13 votes
1 answer
924 views

"has scientists excited" or "has excited scientists"?

I saw the following on the Facebook page of Time. Is "has scientists excited" or the perfect version "has excited scientists" correct? What's the difference if both are correct? The recent ...
0 votes
1 answer
69 views

To help and gerund clauses

I've reached an impasse with my girlfriend (both non-native speakers) about this sentence she used: Maybe we didn't have enough of it for it to become routine again and help measuring time To me, ...
0 votes
1 answer
41 views

How to analyze e.g., "The man had trouble finding shoes to fit"

In a sentence like "The man had trouble finding shoes to fit," how might "had trouble finding shoes to fit" be analyzed? Is this like a direct object ("trouble") and ...
2 votes
1 answer
157 views

predicative complement vs predicative adjunct

The Cambridge Grammar of the English Language (Page 250) has this passage: Here, Od is Direct Object, and Oi is Indirect Object. It seems that CGEL is saying that almost raw in [i-ii] and fiendishly ...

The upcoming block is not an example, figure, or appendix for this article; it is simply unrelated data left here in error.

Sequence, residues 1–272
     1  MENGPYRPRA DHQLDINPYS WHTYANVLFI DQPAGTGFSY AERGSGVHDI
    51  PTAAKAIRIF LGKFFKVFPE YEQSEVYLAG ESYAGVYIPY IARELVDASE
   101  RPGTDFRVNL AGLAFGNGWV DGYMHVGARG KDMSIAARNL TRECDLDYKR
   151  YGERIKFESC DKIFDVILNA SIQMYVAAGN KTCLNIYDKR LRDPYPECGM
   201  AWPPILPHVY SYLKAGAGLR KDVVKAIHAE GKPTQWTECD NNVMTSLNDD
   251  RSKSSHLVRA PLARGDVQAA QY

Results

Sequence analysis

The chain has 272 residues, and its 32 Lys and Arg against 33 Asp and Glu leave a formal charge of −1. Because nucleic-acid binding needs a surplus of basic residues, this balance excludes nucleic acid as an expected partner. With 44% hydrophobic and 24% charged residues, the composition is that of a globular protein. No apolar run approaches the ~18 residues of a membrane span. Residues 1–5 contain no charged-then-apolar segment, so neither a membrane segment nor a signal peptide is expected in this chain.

1 vote
0 answers
56 views

What is the constituent type of 'laugh' in 'I saw her laugh'?

Could someone explain to me the constituent type of “laugh” as in “I saw her laugh”? Best with an X-bar graph. I know it's a lot of trouble. You don't have to draw the whole thing, a simplified ...
11 votes
4 answers
4k views

Is "I am who(m) God made me" grammatical?

SAH asked an interesting question about case, I am [who/whom] G-d made me, but one issue that came up in the comments repeatedly is that many people said that they find the example sentence ...
0 votes
3 answers
344 views

What exactly falls under the label of "complement"?

There seems to be a lot of contradicting beliefs out there regarding complements and what they cover -- or maybe I am just confusing myself. However, I cannot seem to find an answer that I understand. ...
1 vote
0 answers
46 views

Does the sentence "I need you to make these calls for me" contain an object complement?

I'm currently working on my paper and predicative constructions confuse me so much. The book I use tells that object complements can follow the verbs of wish & intention, but there was no word ...
6 votes
5 answers
2k views

In ‘catch me off guard’, is the ‘off guard’ an objective complement or adjective phrase?